The Basel Committee on Banking Supervision has announced that the prescribed minimum capital reserve will not be fully applied until 2019.
Initial proposals would have seen banks required to hold the full reserve of cash and easily sellable assets in 2015, but banking lobbyists have won a reprieve. Now banks will be obliged to hold only 60% of that amount in 2015, with the percentage increasing by 10% per year until it reaches 100% in 2019.
The buffer is designed to ensure that, in a potential future crash, banks can last 30 days without drawing on government funds. It can be made up of assets including corporate bonds, equities and high-quality residential mortgage-backed securities (RMBS). BBC Business Editor Robert Peston has suggested that the inclusion of the latter is odd, since they proved illiquid and difficult to sell in during the crisis.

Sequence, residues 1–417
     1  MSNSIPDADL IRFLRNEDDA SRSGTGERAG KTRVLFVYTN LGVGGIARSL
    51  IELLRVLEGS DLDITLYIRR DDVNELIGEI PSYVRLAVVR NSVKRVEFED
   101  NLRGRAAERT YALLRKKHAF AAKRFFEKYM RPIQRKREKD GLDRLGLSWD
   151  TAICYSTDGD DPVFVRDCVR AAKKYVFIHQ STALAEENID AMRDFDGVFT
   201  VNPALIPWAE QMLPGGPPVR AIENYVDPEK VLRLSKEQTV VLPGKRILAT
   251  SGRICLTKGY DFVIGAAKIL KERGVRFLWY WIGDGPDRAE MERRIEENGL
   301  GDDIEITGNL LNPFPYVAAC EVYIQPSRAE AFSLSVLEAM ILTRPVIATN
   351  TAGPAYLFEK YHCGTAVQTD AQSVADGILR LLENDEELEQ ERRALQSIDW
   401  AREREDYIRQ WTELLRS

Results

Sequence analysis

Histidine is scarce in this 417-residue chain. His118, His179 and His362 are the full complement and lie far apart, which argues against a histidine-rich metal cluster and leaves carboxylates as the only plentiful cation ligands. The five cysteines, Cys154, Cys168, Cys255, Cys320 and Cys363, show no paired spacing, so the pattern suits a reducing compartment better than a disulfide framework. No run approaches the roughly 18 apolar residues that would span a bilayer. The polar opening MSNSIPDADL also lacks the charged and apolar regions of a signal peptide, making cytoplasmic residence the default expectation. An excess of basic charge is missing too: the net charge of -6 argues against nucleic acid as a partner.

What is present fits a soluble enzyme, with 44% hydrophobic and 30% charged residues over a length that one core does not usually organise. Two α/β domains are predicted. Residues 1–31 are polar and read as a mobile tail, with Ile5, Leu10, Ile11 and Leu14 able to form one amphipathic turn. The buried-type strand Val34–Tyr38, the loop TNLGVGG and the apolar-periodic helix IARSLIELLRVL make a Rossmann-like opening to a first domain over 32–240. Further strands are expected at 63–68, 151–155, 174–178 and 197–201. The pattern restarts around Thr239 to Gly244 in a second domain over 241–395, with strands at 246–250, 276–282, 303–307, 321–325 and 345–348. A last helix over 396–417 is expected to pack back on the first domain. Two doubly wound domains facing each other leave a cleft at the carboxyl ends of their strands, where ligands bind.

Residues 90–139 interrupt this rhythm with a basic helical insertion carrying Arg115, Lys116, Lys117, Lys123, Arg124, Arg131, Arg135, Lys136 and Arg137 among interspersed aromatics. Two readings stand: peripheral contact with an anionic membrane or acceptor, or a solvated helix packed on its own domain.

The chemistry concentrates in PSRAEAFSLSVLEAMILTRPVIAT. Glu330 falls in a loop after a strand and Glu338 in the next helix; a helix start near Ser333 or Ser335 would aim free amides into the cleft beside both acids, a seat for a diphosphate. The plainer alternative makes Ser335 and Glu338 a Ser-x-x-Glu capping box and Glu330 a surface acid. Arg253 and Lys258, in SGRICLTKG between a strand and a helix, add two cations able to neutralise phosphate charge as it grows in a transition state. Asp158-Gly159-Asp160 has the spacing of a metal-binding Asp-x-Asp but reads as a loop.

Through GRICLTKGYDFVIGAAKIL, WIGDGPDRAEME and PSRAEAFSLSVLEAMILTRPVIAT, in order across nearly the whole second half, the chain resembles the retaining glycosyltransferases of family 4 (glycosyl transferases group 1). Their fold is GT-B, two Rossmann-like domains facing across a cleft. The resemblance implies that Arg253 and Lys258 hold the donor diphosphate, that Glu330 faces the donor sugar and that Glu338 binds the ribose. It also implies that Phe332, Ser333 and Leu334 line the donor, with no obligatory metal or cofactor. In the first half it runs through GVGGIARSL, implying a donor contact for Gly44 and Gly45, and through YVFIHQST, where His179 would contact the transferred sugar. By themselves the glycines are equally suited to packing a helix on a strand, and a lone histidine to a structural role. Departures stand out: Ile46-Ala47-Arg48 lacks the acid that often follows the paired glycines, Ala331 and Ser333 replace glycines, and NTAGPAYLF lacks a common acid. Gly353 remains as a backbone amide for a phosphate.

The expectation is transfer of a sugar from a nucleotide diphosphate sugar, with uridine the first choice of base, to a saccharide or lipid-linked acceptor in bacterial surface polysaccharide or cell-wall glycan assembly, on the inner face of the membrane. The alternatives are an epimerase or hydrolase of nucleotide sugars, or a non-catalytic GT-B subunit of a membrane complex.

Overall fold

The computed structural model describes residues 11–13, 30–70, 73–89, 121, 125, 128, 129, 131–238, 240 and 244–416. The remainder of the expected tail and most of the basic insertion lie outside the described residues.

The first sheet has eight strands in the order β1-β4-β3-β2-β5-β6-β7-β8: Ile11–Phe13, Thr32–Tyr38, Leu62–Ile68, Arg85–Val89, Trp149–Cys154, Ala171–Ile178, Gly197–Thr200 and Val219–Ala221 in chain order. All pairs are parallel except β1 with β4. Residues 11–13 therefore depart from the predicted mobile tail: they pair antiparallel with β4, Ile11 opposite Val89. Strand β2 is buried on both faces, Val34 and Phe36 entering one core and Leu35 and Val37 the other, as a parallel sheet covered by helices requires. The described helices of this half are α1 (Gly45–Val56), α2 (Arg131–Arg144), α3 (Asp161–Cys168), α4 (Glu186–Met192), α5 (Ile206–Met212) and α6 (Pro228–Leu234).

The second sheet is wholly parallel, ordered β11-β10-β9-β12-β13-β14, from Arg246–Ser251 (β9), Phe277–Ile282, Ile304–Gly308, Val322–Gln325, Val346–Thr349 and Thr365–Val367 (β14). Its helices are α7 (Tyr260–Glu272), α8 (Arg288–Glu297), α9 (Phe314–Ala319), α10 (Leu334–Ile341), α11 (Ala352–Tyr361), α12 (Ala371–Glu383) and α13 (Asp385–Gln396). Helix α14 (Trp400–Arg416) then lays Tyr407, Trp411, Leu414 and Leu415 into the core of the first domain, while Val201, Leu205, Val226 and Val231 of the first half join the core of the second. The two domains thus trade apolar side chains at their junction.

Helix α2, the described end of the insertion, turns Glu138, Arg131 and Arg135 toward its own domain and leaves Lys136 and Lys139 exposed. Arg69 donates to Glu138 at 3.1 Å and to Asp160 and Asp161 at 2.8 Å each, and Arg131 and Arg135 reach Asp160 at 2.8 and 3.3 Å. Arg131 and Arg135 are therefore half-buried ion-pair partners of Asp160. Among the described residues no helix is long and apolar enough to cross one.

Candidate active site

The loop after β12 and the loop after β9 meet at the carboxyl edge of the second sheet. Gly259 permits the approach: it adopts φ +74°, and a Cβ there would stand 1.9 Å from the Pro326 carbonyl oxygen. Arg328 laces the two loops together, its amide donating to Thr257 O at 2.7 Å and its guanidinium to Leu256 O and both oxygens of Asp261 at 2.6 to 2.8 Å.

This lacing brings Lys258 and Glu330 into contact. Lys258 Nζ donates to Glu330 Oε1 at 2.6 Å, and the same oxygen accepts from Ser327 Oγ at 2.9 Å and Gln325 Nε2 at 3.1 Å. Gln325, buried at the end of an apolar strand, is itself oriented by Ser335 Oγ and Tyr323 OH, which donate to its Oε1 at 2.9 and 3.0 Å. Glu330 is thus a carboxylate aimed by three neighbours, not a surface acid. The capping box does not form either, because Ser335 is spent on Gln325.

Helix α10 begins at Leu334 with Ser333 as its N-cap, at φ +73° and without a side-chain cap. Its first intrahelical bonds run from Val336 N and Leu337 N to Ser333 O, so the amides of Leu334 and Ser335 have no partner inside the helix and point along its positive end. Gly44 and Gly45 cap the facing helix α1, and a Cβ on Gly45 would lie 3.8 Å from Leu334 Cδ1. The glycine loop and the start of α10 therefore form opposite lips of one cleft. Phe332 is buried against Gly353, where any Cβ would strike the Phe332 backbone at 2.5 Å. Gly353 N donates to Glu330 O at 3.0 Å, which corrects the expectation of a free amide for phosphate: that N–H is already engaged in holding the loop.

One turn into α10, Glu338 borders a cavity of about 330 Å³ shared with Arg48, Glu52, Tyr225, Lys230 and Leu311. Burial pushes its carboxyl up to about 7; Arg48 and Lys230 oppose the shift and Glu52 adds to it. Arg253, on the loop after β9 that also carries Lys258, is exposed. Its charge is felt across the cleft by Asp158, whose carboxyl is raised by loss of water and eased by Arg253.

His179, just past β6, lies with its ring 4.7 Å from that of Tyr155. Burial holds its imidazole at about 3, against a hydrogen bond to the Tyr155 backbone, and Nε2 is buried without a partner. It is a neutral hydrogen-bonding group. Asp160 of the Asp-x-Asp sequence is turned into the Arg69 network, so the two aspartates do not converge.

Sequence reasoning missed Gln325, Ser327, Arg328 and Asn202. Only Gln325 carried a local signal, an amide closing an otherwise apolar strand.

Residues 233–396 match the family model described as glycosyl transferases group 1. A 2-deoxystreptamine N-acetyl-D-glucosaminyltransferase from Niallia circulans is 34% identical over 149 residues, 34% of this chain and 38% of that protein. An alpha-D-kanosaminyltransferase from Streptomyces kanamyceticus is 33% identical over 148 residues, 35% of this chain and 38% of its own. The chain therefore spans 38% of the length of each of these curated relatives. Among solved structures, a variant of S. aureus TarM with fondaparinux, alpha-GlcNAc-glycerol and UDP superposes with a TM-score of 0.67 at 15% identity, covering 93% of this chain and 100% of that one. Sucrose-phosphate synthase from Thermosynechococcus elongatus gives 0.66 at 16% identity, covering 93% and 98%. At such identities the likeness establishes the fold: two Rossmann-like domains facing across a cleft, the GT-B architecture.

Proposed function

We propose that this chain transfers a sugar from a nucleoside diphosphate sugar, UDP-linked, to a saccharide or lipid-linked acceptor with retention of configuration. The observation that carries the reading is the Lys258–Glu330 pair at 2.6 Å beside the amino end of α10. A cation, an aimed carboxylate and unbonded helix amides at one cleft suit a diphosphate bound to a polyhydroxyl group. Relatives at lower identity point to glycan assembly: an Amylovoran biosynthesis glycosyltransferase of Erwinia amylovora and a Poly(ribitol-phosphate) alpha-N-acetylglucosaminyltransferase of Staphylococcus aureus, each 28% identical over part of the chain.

RMBS are treated as Tier-2 assets, which may account for as much as 40% of the eventual buffer. The inclusion of RMBS, albeit at a discount to value, comes with two caveats. To be counted as high quality liquid assets, they will have to be rated AA or higher, and they come with a minimum 25% haircut compared with a 50% haircut for corporate bonds, which were also also included for the first time.
Key points to have emerged since the previous revision to the LCR are:
- Banks will have to increase their core tier-one capital ratio to 4.5% by 2019.
- They will have to carry a further “counter-cyclical” capital conservation buffer of 2.5% by 2019.
- Banks must improve their transparency and disclosures.
- Any bank that fails to meet the new requirements is expected to be banned from paying dividends to shareholders until it has improved its balance sheet.